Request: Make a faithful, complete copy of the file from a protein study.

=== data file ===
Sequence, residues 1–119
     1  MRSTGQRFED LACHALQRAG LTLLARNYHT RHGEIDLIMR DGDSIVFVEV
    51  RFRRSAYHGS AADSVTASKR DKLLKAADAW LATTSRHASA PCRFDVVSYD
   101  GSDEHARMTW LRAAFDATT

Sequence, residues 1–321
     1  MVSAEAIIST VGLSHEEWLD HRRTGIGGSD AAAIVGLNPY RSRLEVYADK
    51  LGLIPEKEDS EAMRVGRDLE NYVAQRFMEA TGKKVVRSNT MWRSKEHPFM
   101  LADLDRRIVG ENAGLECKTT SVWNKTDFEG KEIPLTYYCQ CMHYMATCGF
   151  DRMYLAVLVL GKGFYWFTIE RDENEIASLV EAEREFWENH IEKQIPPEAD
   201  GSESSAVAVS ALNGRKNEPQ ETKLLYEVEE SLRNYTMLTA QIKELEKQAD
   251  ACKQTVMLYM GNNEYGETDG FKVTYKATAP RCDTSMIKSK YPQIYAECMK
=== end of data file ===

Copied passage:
Sequence, residues 1–119
     1  MRSTGQRFED LACHALQRAG LTLLARNYHT RHGEIDLIMR DGDSIVFVEV
    51  RFRRSAYHGS AADSVTASKR DKLLKAADAW LATTSRHASA PCRFDVVSYD
   101  GSDEHARMTW LRAAFDATT

Sequence, residues 1–321
     1  MVSAEAIIST VGLSHEEWLD HRRTGIGGSD AAAIVGLNPY RSRLEVYADK
    51  LGLIPEKEDS EAMRVGRDLE NYVAQRFMEA TGKKVVRSNT MWRSKEHPFM
   101  LADLDRRIVG ENAGLECKTT SVWNKTDFEG KEIPLTYYCQ CMHYMATCGF
   151  DRMYLAVLVL GKGFYWFTIE RDENEIASLV EAEREFWENH IEKQIPPEAD
   201  GSESSAVAVS ALNGRKNEPQ ETKLLYEVEE SLRNYTMLTA QIKELEKQAD
   251  ACKQTVMLYM GNNEYGETDG FKVTYKATAP RCDTSMIKSK YPQIYAECMK